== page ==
By Erin Weeks
For many researchers in training, making it as a scientist involves the dream of one day running their own lab. But becoming the head of a laboratory takes far more than research chops — you’ve got to have serious people skills, too.
A March 13 panel called “Managing a Lab: Insights from Academia and Industry” advised an auditorium of Duke postdocs and PhD students on how to meet the management challenges they may face one day as principal investigators (PI). “Effective lab management can be as crucial to career success as the research itself,” the description for the session read.
Sally Kornbluth, Vice Dean for Basic Sciences at Duke Medicine and Duke’s provost-elect, drew from her own experience as a PI as she walked the audience through the nitty-gritty of building a lab from the ground up.
“The lab takes on the style of the PI,” she said. The job of the lab head is to set its scientific direction, obtain grant money and hire the right people.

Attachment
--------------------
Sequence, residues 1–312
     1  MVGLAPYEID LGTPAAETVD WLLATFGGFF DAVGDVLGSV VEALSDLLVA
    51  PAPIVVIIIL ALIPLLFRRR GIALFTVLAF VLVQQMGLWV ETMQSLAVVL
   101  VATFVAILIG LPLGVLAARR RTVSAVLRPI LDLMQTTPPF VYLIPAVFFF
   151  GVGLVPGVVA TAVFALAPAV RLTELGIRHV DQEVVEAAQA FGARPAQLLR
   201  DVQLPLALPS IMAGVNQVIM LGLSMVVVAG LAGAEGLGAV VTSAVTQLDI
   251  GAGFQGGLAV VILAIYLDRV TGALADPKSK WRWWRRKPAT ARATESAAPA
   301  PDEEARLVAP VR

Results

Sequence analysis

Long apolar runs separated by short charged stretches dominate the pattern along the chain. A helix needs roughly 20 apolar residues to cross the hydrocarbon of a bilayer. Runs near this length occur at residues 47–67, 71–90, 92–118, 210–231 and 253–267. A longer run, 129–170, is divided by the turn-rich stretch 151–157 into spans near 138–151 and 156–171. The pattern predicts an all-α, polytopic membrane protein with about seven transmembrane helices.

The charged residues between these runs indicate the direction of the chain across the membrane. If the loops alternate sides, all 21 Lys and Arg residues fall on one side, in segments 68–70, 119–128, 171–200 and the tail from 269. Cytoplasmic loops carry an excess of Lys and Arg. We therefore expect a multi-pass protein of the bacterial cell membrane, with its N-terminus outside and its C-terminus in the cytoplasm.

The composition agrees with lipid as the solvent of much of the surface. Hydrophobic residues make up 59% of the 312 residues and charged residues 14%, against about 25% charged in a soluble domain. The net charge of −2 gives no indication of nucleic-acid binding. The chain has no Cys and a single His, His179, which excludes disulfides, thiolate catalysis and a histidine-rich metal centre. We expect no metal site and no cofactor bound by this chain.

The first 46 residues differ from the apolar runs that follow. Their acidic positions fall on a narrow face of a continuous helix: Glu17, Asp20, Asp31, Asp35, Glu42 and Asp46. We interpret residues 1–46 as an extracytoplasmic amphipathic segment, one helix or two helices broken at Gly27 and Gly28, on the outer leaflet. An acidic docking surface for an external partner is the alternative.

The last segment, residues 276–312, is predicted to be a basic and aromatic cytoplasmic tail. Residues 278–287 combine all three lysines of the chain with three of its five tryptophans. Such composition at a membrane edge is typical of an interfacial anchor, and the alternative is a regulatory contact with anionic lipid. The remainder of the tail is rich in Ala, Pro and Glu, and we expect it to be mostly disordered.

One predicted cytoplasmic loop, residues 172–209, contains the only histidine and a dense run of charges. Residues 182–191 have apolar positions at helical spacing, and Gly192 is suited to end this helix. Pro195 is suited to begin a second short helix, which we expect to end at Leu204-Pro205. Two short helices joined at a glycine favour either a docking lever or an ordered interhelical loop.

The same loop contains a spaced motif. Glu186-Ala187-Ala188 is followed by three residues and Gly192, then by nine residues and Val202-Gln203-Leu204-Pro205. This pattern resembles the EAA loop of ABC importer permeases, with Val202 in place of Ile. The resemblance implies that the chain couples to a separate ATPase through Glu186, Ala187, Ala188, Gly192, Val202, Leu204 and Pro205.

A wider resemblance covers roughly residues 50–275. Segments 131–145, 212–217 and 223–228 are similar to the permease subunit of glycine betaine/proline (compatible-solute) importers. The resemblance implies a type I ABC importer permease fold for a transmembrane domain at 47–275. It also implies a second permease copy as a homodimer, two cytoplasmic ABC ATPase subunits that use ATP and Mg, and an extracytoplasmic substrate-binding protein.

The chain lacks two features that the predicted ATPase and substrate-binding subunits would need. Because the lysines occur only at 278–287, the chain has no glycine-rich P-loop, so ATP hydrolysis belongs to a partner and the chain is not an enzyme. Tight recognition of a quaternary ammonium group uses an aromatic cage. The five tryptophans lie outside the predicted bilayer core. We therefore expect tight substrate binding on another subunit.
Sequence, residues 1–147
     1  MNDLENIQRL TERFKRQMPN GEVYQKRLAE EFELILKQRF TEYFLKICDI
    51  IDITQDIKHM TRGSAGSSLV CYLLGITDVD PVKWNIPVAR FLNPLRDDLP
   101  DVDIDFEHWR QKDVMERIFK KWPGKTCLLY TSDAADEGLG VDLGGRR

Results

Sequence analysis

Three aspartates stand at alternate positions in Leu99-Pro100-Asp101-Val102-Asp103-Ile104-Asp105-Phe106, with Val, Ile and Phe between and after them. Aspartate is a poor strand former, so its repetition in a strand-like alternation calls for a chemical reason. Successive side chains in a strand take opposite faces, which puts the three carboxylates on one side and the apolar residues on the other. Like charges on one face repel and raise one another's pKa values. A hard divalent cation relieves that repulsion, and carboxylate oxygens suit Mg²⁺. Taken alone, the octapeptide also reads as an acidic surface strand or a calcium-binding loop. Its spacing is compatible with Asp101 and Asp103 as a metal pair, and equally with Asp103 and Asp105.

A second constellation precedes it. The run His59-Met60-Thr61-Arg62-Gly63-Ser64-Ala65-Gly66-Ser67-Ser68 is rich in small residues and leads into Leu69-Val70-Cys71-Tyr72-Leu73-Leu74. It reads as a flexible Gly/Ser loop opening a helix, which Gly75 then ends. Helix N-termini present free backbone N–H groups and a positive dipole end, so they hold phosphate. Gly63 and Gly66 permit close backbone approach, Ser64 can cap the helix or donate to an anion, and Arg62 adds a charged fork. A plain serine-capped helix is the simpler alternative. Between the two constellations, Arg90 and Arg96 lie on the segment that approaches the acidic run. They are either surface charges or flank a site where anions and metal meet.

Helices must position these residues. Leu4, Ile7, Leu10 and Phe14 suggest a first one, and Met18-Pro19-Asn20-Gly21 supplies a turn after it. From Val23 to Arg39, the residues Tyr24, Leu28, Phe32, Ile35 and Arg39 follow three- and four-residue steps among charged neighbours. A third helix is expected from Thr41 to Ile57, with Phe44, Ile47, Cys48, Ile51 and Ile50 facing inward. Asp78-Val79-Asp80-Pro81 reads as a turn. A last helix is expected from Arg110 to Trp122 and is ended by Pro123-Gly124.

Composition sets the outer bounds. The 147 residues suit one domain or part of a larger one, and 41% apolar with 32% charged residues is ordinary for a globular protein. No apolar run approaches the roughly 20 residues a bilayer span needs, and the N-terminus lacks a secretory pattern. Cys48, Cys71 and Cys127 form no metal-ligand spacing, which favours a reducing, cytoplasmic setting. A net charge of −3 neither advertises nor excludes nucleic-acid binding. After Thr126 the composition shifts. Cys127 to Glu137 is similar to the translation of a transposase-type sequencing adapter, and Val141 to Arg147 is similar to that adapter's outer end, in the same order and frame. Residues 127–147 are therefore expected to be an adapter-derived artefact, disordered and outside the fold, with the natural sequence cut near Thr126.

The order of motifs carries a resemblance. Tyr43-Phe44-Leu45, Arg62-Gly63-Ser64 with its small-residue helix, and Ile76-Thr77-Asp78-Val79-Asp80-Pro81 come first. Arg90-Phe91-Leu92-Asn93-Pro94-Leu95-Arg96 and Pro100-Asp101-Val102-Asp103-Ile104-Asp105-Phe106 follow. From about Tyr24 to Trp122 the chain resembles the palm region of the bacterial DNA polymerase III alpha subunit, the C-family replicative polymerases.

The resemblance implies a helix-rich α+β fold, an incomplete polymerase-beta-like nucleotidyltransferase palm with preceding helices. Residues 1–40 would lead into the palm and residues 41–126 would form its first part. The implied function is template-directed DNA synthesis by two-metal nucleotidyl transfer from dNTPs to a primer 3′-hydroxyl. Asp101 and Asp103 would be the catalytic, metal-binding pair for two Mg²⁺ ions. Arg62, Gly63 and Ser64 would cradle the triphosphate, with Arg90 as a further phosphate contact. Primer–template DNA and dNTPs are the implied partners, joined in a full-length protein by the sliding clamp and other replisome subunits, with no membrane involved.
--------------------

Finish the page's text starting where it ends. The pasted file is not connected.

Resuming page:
PIs have to make decisions about what kind of leader they want to be — how accessible do they want to be? How will they motivate their lab members? How will they deal with difficult personnel situations? Some of these questions will be determined by the lead scientist’s personality, Kornbluth said, but others may require trial and error to figure out.
The panel, put on by the Office of Postdoctoral Services, included three other lab managers representing both academia and industry: Mohamed Noor, professor and chair of the biology department; Jessica Monserrate, a scientist at Bayer CropScience and former Duke postdoc; and Susan Smith, a scientific investigator at Stiefel and also former Duke and Duke Med postdoc.
The speakers fielded questions reflecting anxieties about the work climate many students and postdocs will soon enter, in which grant budgets are shrinking and PI positions are highly competitive. But the audience also asked evergreen questions about careers in science, like how to keep up lab morale and balance research with family life.
“Choose your spouse very wisely,” Kornbluth said, drawing laughs.